THOUGHTS ON LEADERSHIP – ADRIAN HERSCHELL

Often when we think of great leaders we conjure up images of Sergeants leading the charge up the hill, or the Captain of the team carrying the team to victory, or the inspiration speech of the C.E.O. to galvanize the team to greater performance.

Adrian HenshellHowever, when I reflect back on my career and the leaders that stand out in my mind; they all had the ability to inspire me to want to be better on a regular basis. Not just better in an intangible way but to want to meet and even exceed their expectations; both in achieving tangible performance metrics and in day to day behaviour that would earn their respect. What did they have that other potential leaders or people in positions of similar influence did not have?

For one thing they were consistent in their behaviour and demeanor; you could always count on them to be available, respond to requests and give a similar answer to a similar question regardless on the day or the circumstances. They did not display extreme mood swings nor did they over re-act when faced with their adversity.

The leaders I reflect back on fondly also were able to lead me to truly believe they cared about the people they worked with as individuals. They got to know their people and genuinely expressed real interest in knowing what mattered to them.

Not only did they care; I was made to feel that these leaders truly supported their people and fought to get the resources they needed to be successful. They triumphed their team’s success but; failures were a shared responsibility.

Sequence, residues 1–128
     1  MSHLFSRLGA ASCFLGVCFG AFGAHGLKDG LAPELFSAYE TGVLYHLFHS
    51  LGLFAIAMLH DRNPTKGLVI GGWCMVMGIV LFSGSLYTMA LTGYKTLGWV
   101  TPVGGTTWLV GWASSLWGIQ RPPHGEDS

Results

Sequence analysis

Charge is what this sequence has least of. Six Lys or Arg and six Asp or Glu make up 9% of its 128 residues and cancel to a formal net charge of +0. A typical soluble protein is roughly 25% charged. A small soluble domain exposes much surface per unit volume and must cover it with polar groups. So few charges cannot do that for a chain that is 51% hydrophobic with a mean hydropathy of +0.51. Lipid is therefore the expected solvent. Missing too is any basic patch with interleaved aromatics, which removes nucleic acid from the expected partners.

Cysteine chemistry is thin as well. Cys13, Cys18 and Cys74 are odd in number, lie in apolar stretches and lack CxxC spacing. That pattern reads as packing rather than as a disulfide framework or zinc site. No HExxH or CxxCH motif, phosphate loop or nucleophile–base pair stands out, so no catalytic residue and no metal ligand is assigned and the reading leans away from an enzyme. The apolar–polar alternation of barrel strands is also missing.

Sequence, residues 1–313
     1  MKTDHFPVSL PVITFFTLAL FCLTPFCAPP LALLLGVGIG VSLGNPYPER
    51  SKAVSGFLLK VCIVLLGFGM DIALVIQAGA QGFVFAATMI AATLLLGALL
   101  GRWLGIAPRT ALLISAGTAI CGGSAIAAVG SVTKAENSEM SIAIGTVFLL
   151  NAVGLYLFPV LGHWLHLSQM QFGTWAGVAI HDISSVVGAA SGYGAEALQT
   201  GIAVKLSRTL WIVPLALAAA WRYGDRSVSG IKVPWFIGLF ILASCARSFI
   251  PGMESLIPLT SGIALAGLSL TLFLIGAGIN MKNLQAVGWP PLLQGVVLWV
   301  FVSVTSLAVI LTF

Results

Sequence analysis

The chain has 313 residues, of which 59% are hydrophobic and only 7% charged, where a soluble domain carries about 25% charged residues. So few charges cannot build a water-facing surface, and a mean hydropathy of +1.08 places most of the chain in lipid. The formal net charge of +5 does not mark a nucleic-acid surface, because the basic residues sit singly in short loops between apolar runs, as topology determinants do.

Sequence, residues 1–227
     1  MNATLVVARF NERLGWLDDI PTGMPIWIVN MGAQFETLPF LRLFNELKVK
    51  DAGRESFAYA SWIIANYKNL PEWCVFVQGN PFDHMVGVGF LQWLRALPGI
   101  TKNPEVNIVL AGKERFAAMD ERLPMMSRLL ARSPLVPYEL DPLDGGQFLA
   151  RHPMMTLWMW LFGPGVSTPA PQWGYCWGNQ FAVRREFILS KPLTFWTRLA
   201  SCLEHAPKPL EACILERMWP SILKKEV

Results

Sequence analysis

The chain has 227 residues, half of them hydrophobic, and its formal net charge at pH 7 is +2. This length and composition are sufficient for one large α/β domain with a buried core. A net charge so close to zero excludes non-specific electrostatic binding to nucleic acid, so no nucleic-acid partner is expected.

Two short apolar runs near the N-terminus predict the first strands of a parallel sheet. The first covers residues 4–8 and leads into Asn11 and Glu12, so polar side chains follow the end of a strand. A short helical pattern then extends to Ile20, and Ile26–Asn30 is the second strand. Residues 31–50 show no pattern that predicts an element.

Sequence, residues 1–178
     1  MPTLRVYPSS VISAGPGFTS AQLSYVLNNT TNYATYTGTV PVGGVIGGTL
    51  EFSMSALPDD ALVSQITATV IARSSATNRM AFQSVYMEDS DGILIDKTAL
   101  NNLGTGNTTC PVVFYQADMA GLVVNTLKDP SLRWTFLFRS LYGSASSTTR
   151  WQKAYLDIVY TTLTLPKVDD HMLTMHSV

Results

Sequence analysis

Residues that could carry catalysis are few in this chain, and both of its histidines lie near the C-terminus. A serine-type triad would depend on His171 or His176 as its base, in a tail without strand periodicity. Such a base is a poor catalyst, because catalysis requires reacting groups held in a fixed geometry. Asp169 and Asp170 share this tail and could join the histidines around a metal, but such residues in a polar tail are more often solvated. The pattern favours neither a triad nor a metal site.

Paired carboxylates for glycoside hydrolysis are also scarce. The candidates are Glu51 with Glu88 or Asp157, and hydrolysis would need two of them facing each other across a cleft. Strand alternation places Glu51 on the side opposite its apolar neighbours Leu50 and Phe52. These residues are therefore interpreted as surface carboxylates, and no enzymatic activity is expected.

The leaders I wanted to emulate made decisions after garnering as much information they could within the time frame allowed. They stood by their decisions. They made their calls when required even if they did not have perfect information.

These leaders set priorities, based upon achieving a maximum return on the resources deployed. When targets were achieved – new ones were set! The bar was always being raised.

I always felt valued by these leaders as they would praise when merited. They ensured that team members received the recognition they deserved for jobs well done.

When I earned their trust I felt empowered to get on with what needed doing; knowing they were not scrutinizing every move or looking over my shoulder. This caused me to want to communicate frequently with these leaders to ensure they were aware of progress.

When, from time to time, the inevitable conflict arose, good leaders stepped in and mediated solutions – they were dealt with in a timely fashion and not ignored, and when difficult personnel decisions needed to be made they were done effectively and compassionately.

So, how do you want to be remembered?

Adrian Herschell

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